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Need Simple Way To Determine If File Is Executable

 
 
Tim Daneliuk
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      12-14-2006
I have a program wherein I want one behavior when a file is set as executable
and a different behavior if it is not. Is there a simple way to determine
whether a given named file is executable that does not resort to all the
lowlevel ugliness of os.stat() AND that is portable across Win32 and *nix?

Thanks,
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John McMonagle
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      12-14-2006
Tim Daneliuk wrote:
> I have a program wherein I want one behavior when a file is set as executable
> and a different behavior if it is not. Is there a simple way to determine
> whether a given named file is executable that does not resort to all the
> lowlevel ugliness of os.stat() AND that is portable across Win32 and *nix?
>


os.access(pathToFile, os.X_OK)

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Gabriel Genellina
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      12-15-2006
At Thursday 14/12/2006 19:21, John McMonagle wrote:

> > I have a program wherein I want one behavior when a file is set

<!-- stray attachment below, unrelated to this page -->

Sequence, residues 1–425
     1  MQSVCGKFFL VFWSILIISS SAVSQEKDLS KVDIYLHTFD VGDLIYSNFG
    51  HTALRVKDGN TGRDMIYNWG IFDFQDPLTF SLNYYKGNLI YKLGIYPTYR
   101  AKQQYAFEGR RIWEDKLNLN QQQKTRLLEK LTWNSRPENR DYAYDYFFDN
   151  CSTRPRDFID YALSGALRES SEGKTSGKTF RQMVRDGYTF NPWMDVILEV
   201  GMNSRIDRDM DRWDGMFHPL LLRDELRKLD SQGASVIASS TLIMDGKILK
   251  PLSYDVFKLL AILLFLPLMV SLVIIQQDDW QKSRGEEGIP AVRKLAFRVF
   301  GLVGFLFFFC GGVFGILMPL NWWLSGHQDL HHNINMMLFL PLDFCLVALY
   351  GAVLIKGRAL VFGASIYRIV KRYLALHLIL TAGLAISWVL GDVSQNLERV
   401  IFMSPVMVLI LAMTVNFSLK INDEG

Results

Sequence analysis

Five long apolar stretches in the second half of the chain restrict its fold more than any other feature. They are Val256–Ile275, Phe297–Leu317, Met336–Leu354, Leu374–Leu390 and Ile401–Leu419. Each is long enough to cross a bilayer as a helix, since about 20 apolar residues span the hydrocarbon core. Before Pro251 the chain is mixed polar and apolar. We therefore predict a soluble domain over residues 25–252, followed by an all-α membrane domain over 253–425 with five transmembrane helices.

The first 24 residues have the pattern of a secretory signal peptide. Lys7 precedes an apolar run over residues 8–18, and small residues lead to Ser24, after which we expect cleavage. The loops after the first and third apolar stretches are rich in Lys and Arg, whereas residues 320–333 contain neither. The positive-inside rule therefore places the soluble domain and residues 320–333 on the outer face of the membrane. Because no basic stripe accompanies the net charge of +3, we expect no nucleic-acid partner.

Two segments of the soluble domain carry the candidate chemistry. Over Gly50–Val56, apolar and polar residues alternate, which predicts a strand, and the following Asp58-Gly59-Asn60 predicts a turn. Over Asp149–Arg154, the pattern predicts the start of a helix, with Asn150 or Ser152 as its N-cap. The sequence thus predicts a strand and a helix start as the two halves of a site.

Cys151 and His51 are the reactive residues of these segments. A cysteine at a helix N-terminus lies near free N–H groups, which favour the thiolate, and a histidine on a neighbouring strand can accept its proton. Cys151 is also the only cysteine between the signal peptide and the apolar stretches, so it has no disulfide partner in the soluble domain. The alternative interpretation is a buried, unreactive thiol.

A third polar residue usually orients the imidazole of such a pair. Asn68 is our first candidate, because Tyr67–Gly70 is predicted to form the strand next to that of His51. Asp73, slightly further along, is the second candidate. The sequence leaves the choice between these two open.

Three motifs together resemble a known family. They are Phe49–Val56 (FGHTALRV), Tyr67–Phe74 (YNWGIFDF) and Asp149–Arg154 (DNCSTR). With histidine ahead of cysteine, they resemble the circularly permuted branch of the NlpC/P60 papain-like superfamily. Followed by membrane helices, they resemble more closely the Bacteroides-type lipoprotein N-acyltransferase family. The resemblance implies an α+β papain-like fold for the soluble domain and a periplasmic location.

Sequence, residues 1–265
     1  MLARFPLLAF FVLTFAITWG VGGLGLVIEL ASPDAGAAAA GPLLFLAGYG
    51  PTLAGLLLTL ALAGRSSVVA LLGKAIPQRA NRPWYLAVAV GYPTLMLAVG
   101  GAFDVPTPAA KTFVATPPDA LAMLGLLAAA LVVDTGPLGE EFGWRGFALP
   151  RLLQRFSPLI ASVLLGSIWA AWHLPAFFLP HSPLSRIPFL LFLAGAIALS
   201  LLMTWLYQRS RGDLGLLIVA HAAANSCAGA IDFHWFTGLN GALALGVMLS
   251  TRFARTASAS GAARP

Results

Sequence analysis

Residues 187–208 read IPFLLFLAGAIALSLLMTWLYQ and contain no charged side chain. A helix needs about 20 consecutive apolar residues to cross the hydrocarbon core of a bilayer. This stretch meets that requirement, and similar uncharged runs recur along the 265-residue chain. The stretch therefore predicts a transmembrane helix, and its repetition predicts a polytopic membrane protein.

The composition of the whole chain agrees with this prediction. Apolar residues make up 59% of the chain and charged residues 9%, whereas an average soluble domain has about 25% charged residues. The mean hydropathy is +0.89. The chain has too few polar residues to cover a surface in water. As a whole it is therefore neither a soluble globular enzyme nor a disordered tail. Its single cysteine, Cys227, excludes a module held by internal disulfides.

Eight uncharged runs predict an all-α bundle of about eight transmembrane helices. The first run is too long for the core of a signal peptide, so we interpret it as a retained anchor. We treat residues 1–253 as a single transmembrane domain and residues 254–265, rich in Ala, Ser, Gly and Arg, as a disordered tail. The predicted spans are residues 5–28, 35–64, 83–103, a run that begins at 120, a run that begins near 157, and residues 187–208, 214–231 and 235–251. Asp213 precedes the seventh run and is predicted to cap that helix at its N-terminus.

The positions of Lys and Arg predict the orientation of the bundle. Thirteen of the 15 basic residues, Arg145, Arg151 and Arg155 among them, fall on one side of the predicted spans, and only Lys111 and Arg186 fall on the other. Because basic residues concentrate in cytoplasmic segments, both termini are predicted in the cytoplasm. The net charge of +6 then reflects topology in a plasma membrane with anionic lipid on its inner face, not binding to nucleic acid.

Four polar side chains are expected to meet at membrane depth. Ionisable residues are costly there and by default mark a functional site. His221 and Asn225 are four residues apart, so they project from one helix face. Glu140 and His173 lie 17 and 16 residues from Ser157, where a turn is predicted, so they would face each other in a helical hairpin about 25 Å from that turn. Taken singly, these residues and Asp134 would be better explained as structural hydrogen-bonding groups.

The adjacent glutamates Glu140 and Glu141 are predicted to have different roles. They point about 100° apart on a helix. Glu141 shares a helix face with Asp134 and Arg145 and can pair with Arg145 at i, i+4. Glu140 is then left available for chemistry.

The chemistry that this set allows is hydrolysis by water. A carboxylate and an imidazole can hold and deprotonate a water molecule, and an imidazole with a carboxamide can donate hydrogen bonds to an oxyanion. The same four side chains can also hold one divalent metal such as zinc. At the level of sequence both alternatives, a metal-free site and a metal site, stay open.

> as executable
> > and a different behavior if it is not. Is there a simple way to determine
> > whether a given named file is executable that does not resort to all the
> > lowlevel ugliness of os.stat() AND that is portable across Win32 and *nix?
> >

>
>os.access(pathToFile, os.X_OK)


That won't work on Windows.

You have to define what do you mean by "a file is set as executable"
on Windows.
a.exe is executable and nobody would discuss that. I can supress the
extension and type simply: a, on the command line, and get a.exe
executed. Same for a.com
What about a.bat? cmd.exe is executed and runs the batch file. I can
even omit the extension. Is a.bat executable then?
What about a.py? Another process starts and handles the file
(python.exe). Is a.py executable then?
I can type a.mdb on the command prompt and launch an Access
application. Is a.mdb executable then?
If I type a.doc on the command prompt, Word is executed and opens
that file. Is a.doc executable then?

The answer may be so narrow to just consider .exe .com and a few
more, or so broad to consider all things that os.startfile can handle
without error.


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Tim Golden
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      12-15-2006
[Tim Daneliuk]
> I have a program wherein I want one behavior when a file is
> set as executable and a different behavior if it is not. Is
> there a simple way to determine whether a given named file is
> executable that does not resort to all the lowlevel ugliness
> of os.stat() AND that is portable across Win32 and *nix?


I'm fairly certain the answer is no. What follows is a
relatively low-level and certainly not portable discussion.

The last couple of times this question came up on the list
I looked into the implementation and experimented a bit
but in short I would say that os.stat / os.access were
near enough useless for determining executablility under